Thursday, June 29, 2006

When will uchumi shares resume trading at the NSE

The government, through the minister of trade had promised to re-open some of Uchumi's stores this week. However, the PS came out yesterday saying the action would be delayed pending consent from the board of PTA bank and the recruitmnent of new managers. This will take some weeks.

This is good news to invesors as it means they will ultimately be able to recoup their cash. I have received queries from some investors as to when they will be able to trade their shares on the market again. This will take time.................actually years. There are several conditionsythat have to be fulfiled before Uchumi can be allowed to trade again.

The business has to get out of insolvency:
This is a tall order which means the company has to trade back to ptofits to the tune of after tax profits exceeding Kshs. 1.3bn. This is the deficit in their books as per the last financial statements. Alternatively, shareholders will have to inject additional capital to close this gap.
The secured creditors (PTA & KCB banks) will have to be paid .
The Business will have to firmly come back to the black to the extent that the CMA is satisfied that the company cannot slide back to insolvency.

Considering the performance of Uchumi before they got in the red and also of their competitors, all being well, its my opinion that at least three years are required before uchumi can be allowed to trade again. This is also on condition that on repopening, kenyans agree to shop at Uchumi.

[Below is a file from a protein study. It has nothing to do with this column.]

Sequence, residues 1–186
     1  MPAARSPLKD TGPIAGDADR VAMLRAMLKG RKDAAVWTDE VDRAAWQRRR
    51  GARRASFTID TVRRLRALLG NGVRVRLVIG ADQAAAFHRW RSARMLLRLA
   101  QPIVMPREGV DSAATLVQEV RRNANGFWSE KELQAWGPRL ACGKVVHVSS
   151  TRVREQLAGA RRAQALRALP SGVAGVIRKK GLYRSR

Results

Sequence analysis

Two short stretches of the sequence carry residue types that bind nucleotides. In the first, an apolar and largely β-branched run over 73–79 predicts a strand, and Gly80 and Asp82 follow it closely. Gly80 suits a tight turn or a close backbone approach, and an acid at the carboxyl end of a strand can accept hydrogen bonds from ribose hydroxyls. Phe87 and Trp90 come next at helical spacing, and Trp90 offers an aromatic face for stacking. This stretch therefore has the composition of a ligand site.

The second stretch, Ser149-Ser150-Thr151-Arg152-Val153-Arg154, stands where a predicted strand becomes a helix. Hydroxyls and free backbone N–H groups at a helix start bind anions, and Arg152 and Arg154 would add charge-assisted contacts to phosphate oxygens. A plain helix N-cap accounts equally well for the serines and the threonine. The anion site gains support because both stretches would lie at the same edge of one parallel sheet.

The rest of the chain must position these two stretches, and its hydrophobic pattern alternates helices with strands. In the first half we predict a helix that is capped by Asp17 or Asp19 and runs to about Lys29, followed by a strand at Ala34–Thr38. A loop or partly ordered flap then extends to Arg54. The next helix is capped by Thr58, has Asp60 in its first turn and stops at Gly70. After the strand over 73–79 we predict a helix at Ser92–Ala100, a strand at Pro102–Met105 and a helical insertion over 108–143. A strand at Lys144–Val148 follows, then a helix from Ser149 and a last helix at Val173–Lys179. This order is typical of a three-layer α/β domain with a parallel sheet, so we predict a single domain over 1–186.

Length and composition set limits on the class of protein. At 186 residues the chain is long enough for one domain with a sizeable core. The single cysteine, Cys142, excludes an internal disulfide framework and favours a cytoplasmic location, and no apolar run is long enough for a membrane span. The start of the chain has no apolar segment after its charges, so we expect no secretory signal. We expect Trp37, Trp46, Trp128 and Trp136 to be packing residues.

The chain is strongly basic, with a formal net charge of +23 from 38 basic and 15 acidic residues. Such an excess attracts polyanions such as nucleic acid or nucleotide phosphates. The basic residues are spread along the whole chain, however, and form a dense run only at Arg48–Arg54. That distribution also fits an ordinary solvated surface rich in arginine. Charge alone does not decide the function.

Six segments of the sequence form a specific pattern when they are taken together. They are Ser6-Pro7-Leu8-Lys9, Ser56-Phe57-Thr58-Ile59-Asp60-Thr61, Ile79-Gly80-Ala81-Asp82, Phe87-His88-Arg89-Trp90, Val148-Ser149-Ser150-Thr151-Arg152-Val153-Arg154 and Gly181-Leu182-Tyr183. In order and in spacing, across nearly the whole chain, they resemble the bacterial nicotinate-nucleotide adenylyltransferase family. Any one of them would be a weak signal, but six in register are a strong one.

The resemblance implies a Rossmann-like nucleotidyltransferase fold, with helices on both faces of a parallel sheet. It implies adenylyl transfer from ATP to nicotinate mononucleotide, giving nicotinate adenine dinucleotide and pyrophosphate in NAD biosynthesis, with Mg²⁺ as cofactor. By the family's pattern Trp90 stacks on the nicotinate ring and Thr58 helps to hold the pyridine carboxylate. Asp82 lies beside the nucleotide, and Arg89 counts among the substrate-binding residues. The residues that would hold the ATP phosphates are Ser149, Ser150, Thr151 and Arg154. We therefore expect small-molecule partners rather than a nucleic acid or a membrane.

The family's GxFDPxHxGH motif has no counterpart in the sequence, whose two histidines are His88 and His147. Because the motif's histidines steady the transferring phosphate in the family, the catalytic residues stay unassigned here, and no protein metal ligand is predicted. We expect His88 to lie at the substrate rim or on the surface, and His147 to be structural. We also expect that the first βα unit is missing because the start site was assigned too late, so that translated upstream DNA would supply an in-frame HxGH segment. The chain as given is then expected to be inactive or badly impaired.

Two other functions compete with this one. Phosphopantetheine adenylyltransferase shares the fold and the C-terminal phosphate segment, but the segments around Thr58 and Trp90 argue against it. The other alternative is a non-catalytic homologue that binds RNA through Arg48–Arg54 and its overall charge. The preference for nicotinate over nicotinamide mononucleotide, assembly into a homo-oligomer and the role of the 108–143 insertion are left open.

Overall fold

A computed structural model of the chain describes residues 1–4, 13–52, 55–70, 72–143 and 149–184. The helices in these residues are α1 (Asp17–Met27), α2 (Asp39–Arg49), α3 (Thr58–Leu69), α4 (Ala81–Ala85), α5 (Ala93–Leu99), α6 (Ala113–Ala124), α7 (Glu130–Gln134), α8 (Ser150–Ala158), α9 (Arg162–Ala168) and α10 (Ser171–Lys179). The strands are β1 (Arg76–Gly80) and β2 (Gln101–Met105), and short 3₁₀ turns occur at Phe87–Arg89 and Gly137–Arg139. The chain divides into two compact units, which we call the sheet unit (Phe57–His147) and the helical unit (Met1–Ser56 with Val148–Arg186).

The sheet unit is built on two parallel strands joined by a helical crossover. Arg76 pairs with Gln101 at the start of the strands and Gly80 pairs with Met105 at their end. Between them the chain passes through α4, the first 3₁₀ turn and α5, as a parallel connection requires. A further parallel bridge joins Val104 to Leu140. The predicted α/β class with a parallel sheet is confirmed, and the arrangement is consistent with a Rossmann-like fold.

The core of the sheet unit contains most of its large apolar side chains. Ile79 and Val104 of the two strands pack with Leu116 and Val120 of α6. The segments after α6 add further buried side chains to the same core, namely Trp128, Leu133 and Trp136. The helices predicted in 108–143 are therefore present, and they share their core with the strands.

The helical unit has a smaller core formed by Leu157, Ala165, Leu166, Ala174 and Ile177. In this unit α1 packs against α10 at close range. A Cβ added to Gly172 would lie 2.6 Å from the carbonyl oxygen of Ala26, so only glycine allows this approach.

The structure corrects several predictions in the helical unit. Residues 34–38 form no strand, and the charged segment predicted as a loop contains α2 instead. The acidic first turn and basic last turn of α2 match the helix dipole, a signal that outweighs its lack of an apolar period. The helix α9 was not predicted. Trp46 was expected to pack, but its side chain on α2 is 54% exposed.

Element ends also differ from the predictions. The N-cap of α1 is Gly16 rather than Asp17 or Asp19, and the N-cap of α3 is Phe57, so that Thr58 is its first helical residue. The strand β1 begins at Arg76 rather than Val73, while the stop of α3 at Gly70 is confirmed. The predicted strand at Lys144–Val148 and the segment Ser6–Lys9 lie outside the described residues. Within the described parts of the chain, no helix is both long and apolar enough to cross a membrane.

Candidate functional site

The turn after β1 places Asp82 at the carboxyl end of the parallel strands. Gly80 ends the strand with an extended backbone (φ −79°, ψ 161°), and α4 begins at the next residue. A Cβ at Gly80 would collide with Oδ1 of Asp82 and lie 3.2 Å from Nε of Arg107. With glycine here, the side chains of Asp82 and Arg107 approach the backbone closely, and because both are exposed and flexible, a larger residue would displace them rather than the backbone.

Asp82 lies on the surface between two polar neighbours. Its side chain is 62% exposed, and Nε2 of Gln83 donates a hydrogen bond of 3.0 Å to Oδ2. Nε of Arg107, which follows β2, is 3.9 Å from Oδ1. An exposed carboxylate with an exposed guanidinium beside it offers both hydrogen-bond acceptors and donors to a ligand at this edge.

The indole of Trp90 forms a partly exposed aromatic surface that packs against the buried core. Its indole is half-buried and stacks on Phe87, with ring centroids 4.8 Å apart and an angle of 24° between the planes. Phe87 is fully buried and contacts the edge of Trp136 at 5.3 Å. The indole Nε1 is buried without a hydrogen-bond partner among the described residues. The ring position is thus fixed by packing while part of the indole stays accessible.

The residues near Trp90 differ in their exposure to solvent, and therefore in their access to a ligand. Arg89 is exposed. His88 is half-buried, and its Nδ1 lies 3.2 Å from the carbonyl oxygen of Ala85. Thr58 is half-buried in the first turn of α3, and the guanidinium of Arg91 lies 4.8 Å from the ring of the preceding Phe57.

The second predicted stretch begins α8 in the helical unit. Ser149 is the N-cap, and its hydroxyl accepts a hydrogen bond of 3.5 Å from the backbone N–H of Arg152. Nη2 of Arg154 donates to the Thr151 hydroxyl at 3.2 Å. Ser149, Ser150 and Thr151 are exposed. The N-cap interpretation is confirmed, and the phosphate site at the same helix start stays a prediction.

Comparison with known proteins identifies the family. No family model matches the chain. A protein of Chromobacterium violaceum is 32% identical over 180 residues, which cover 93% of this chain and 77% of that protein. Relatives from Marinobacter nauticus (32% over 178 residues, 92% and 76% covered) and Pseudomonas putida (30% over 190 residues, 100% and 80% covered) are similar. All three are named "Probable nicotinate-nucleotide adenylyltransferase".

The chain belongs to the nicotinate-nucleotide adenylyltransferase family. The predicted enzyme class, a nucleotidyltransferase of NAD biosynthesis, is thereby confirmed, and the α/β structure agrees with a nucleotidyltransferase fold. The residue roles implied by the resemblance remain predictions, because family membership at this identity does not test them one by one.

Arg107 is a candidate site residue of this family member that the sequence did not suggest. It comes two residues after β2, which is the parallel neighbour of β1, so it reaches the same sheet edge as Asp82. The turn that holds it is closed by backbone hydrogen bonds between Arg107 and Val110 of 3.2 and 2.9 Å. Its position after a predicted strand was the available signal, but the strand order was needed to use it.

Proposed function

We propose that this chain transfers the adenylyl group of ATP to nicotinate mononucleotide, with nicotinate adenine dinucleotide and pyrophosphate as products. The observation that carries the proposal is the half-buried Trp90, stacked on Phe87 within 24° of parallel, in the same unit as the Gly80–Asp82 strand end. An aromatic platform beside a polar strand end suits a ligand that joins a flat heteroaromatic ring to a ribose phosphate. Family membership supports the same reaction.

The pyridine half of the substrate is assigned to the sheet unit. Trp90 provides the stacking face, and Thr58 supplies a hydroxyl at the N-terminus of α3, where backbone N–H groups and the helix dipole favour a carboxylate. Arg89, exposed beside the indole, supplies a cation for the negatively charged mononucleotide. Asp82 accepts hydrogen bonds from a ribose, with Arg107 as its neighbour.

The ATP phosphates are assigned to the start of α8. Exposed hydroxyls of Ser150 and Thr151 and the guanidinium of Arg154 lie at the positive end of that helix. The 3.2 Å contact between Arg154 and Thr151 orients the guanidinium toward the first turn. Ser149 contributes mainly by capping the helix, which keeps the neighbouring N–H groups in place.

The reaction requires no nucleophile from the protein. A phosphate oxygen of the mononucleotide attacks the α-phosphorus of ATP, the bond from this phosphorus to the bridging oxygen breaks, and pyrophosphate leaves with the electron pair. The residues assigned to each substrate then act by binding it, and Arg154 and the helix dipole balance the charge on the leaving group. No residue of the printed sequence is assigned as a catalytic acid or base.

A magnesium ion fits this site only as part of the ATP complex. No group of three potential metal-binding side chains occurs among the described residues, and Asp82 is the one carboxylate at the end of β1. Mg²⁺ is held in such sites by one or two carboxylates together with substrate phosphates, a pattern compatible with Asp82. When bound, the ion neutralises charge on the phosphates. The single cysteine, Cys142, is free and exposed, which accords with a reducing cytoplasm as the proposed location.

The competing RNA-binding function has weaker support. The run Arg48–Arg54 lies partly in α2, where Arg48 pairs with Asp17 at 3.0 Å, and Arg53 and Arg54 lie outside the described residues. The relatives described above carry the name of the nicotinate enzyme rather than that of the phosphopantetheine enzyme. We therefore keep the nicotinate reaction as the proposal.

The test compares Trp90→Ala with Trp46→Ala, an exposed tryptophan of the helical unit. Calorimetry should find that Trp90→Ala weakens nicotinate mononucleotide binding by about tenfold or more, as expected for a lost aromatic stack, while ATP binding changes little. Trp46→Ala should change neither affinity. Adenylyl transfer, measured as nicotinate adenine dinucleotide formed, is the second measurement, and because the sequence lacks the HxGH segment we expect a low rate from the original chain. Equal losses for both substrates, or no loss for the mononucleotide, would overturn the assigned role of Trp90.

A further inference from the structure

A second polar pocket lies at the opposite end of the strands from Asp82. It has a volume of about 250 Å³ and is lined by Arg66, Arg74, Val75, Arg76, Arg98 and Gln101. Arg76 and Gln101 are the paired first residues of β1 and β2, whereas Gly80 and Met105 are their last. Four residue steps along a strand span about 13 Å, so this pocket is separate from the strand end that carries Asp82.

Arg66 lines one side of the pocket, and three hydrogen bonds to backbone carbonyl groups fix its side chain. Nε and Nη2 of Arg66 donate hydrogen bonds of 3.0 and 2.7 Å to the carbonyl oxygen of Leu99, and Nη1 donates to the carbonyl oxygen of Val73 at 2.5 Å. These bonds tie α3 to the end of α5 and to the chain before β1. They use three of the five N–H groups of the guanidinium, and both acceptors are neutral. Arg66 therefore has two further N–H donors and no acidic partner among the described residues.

Tuesday, June 27, 2006

Equity Bank's refusal to take in fresh capital a major disapointment

Save for the effect of an aggressive advertisement campeign even the just concluded Kengen IPO would not have raised as much public iterest and investor excitement as Equity Bank's IPO. Kengen's IPO attracted 240,000 investors (individuals and corporates). Equity bank is home to more than 170,000 account holders most of them jua kali operatives and peasant farmers. All these would have willingly raised the approximate Kshs. 5000 required to purchase minimum shares at the IPO (using kengen's listing price)

It therefore came as a major surprise when then bank announced that they will not be seeking new capital when they list shortly. This means investors will not benefit fromthe rapid price appreciation as happened with Kengen. The employees and existing shareholders of the bank are likely to be major beneficiaries of the expected price jump.

Why is equity bank not ready to take in more capital?
the bank has a somewhat interesting capital structure. No individual shareholder commands more than 20% of the shareholding. The two largest shareholders are IFC with 16% and Britak Investment (read British American Insurance) with 12%. This gives them a combined total of 28%. Were they to take in more capital, this would mean dilution f the anchor shreholders stake ,which appears to be pricisely what the bank is avoiding.

This is a smar way of rewarding the minority shareholders without diluting the stake of anchor shareholders. More family run businesses in Kenya should emulate them.